Film review: THE TRIP TO ITALY, from Built For Speed
The Trip was one of recent cinema and television’s comic highlights. Beginning as a TV show it featured comedians Steve Coogan and Rob Brydon playing themselves in a semi-fictionalised scenario as they toured England’s Lake District sampling its food and culture. The TV series and its compressed cinema version mixed foodie lifestyle show with the two leads’ wonderfully acerbic but charming comedy as they riffed on popular culture, art and poetry and impersonated stars like Michael Caine and Anthony Hopkins. With varying success, director Michael Winterbottom also attempted to give the film some emotional weight by having the two muse on their lack of career fulfilment and the disappoints of being a middle-aged.
The sequel, The Trip to Italy, follows a similar formula with Brydon this time commissioned to write an article about up-market restaurants dotting the Italian peninsula from Piemonte to Capri. He invites Coogan along for a journey that roughly retraces the culinary adventures of poets such as Lord Byron. As is in the first one, the film shifts between scenes of the two ensconced in restaurants eating phenomenally tasty looking meals, joking, bickering and impersonating a gaggle of celebrities, to shots of them touring the countryside or engaging in melancholic phone calls with their loved ones back in England.
The template of this film is essentially the same as The Trip but there are some subtle differences. While we witness the preparation of meals that will have many drooling like Pavlov’s dog, The Trip to Italy is not as much of a foodie film as the first one, there’s less emphasis on the specific contents of the dishes and the identity of the restaurants. This is also a more cinematic film with a richer visual pallet that highlights sumptuous vistas of the Italian countryside, mountainous regions and the Amalfi coast. This film also focuses more on Rob Brydon this time as it’s him rather than Coogan having the guilty one night stand and being offered the role in an American film. Also, despite the more colourful sunlit setting, this is a more sombre film than the first one with moody if slightly overwhelming Mahler music, readings from Byron and Shelley and meditations on death. The poetry and the music are wonderful in themselves but jar slightly with Coogan and Brydon’s comical riffing.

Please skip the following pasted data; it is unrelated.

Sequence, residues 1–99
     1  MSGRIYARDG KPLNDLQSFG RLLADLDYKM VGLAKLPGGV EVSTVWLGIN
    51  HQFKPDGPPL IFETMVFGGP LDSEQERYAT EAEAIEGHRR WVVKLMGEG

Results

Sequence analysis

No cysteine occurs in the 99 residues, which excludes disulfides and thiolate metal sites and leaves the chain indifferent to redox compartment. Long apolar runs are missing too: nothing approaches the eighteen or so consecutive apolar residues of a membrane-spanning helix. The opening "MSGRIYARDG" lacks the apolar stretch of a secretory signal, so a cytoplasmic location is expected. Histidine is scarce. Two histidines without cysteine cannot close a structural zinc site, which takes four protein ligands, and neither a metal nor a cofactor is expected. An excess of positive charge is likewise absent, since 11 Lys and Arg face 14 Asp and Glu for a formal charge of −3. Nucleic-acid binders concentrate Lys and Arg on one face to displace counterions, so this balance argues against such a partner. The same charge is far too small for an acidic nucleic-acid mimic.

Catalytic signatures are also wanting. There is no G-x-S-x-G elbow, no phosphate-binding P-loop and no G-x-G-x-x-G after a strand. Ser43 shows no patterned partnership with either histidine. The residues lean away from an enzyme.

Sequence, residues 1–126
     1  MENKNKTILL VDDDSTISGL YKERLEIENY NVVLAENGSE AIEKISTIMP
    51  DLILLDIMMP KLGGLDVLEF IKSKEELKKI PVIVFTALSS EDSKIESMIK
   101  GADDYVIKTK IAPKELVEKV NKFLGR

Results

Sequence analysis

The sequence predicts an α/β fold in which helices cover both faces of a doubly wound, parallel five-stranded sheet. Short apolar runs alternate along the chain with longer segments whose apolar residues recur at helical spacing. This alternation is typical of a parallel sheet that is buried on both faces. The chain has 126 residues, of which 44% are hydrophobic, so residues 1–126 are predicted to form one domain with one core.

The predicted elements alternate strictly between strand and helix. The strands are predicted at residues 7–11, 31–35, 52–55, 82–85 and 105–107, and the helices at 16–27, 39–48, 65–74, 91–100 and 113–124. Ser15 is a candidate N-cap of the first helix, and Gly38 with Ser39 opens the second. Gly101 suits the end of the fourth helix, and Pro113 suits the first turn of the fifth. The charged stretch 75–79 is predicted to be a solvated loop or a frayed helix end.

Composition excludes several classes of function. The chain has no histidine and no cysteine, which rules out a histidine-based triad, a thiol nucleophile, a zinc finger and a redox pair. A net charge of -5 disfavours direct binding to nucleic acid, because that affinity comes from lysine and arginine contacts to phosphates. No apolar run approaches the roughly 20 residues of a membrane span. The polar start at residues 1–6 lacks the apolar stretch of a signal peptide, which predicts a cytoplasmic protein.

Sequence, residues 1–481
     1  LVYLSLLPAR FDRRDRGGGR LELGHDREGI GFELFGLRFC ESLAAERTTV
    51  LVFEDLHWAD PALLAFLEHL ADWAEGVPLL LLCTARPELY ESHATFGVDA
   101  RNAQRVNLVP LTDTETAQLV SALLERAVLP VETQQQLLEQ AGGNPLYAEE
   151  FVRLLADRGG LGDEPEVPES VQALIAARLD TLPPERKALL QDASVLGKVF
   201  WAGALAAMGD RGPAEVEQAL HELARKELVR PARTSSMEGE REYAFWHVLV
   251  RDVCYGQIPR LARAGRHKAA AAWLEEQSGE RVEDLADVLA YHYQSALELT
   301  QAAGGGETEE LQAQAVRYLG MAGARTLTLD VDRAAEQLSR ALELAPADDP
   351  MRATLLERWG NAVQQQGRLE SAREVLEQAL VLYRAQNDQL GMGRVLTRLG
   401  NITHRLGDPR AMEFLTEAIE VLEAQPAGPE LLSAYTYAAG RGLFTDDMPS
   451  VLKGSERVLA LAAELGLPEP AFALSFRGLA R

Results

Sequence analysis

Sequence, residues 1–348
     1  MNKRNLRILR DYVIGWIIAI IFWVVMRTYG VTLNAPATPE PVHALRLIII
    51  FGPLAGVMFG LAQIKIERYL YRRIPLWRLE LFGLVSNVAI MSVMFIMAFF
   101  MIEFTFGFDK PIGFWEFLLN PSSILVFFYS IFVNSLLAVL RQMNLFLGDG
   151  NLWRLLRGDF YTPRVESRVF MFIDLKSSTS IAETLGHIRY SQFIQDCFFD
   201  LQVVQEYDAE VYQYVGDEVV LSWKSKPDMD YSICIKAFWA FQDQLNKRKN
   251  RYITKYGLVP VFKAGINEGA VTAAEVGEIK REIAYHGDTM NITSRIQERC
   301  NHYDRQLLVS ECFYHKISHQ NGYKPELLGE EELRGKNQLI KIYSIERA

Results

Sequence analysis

Despite some darker themes this is still a very funny film with great impersonations which include old favourites Michael Caine and Hugh Grant and new ones such Humphrey Bogart, Clint Eastwood and even Gore Vidal. The two leads’ droll, often improvised observations and razor sharp barbs are still wonderful. A few scenes go on a little too long, though, such as the impersonation of Tom Hardy as Bain but most are finely judged.
It’s a little too familiar in places and watching two wealthy celebrities gripe about their lives and their first world problems is at times hard to take but these two are such superb comic actors and erudite wits that this film is almost always delightful and hilarious.
Nick’s rating: ****
Director(s): Michael Winterbottom.
Release date: 22nd May 2014
Running time: 108 mins.
Reviewer: Nick Gardener can be heard on “Built For Speed” every Friday night from 8-10pm right here on 88.3 Southern FM. Nick can also be heard on “The Good, The Bad, The Ugly Film Show” podcast. http://subcultureentertainment.com/2014/02/the-good-the-bad-the-ugly-film-show